Among several upcoming forums on innovation and entrepreneurship, one in particular caught my eye since it’s expected to draw some 1,500 attendees to New York City next month. This got me to thinking about how anxious people are these days to learn the secrets of coming up with marketable and potentially lucrative new ideas – especially in an economy that offers so little in the way of job security.
Having spent the better part of my career as both an innovator and entrepreneur with varying degrees of success, I feel qualified to offer some advice of my own to those who are in search of the ‘holy grail’ that will at least assure them of a sound and reliable income, if not fortune and fame.
I like to think of this as my “Hoop Dreams” metaphor, because if my entrepreneurial experiences have taught me nothing else, they’ve made me realize just how much running with an idea resembles playing basketball. The similarity of these pursuits (which became particularly apparent to me after a friend gave me a courtside ticket to a Lakers-Spurs game in the recent NBA Playoffs) lies in the fact that both require the ability to move fast, assess the response, and pivot – the simple definition of which is to rotate, revolve and turn – again and again, until, sooner or later, you find yourself in the right position to score (or else to pass the ball to a teammate who’s in a better position to do so).
Assuming that the idea you have in mind has some basic potential, just as a basketball player must have some degree of athletic ability and coordination to start with, what matters most is not so much the concept itself, but not being afraid to test and retest it, to keep tinkering with it, perhaps trying one approach, then another, and continually readjusting what you’re doing. Or to proceed with even just half an idea and seeing whether it can be transformed into a solid proposition through trial and error, rather than planning and PowerPoints.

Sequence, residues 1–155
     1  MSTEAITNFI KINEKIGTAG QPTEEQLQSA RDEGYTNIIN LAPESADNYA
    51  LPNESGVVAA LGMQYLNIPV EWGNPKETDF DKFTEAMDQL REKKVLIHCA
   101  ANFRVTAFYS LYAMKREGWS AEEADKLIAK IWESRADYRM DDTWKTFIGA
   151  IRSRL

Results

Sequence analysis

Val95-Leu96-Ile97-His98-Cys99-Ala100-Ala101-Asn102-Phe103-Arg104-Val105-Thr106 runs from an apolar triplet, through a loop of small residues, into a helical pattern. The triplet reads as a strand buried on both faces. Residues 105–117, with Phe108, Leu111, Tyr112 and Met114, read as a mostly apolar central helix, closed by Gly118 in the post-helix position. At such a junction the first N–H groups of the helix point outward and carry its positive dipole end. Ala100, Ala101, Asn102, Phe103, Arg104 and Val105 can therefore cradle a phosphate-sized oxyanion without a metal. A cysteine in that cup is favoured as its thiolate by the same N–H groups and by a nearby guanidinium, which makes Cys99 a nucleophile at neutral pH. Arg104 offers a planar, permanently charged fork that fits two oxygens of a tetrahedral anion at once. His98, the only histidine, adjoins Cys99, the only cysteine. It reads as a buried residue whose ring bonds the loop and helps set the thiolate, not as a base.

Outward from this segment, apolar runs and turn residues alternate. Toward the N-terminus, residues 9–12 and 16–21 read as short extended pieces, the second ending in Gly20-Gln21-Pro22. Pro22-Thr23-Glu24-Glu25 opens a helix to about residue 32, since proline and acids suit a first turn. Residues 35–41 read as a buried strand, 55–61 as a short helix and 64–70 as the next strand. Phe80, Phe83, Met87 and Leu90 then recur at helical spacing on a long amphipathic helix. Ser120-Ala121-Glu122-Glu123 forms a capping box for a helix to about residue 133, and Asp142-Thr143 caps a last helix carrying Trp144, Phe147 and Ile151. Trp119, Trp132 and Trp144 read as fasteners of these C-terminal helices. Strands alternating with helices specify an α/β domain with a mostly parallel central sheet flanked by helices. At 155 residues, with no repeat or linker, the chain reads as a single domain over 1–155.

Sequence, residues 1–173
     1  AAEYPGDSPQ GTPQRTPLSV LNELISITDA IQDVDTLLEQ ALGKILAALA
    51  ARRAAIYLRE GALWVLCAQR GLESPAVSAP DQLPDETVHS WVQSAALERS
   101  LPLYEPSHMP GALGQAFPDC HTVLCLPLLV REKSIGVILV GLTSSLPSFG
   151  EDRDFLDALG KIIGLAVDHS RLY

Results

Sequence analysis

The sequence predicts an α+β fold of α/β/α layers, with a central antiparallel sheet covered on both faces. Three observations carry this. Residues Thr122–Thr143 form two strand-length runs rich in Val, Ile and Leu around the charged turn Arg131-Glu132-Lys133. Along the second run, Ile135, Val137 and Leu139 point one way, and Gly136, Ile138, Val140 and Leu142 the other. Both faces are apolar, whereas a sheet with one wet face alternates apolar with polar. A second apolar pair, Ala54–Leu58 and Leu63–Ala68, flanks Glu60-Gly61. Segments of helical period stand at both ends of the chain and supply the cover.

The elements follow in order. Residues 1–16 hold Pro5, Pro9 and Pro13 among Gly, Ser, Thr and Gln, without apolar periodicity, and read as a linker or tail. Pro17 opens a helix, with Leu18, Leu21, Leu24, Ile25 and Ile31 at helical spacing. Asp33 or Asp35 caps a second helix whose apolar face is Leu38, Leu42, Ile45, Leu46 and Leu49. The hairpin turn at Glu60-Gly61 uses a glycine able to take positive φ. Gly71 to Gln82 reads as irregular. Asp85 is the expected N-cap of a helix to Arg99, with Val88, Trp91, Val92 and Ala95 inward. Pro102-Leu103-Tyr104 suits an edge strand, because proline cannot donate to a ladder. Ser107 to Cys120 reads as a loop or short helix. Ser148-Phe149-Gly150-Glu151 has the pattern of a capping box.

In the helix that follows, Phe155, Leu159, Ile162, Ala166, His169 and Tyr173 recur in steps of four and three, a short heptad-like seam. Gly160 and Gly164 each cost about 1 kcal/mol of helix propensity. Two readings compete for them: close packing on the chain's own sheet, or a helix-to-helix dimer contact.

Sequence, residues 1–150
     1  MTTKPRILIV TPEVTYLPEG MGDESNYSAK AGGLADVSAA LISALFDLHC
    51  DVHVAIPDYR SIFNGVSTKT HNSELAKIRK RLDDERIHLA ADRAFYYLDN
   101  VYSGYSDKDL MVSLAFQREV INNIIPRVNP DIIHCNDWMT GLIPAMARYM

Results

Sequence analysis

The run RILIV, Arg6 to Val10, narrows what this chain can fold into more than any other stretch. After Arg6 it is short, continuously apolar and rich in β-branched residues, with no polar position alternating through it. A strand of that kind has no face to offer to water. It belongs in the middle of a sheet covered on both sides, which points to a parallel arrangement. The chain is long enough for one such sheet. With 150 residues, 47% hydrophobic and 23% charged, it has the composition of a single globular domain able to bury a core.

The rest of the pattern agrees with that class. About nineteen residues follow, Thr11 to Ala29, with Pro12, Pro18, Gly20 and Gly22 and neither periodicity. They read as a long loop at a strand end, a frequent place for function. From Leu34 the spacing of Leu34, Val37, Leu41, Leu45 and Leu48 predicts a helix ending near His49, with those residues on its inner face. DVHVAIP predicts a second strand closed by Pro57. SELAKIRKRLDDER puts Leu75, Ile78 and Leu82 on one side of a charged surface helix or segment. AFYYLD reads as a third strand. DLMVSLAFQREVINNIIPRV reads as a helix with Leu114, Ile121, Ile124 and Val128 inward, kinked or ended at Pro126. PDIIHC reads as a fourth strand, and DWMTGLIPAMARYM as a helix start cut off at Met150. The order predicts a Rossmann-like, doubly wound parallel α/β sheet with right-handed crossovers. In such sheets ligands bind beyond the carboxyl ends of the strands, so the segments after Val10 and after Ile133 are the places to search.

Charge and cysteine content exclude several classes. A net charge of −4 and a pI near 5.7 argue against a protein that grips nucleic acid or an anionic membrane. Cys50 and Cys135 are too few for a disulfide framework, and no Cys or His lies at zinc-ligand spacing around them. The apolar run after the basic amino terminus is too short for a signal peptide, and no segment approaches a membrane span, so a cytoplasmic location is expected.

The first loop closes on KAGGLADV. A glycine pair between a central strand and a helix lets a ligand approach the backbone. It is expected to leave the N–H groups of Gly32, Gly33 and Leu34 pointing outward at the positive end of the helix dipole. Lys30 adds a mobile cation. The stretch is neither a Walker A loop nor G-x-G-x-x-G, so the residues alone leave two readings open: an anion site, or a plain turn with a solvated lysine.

Ask any innovator or entrepreneur whose venture has succeeded, and they will tell you their success didn’t come automatically, but was a continual process requiring both perseverance and flexibility. However, once you’ve mastered the art of putting yourself and your product or service out there, objectively observing the reaction and pivoting accordingly, your chances of becoming a champion will have increased immensely.
The ability to pivot in this manner shouldn’t just be limited to the process of turning a vision into an actual venture, but extend well beyond the launch. That could mean having to stand up to investors, employees or even friends who might question any strategic or tactical change. But, like the guy in the basketball jersey, you’re the one who’s out there on the court, having to continually rotate, revolve and turn as circumstances dictate — and occasionally tune out the boos from disapproving fans.
To that advice, there are a couple points I would add: be sure to give yourself enough room to maneuver, meaning sufficient time to continually test your product or service and react accordingly, and always remember to enjoy the game – to make it a ‘fun one’, no matter what the score. And one more thing: don’t settle for what you know is a mediocre or second-rate result, but always give it your best shot. That is, if you really hope to achieve your ‘Hoop Dream.”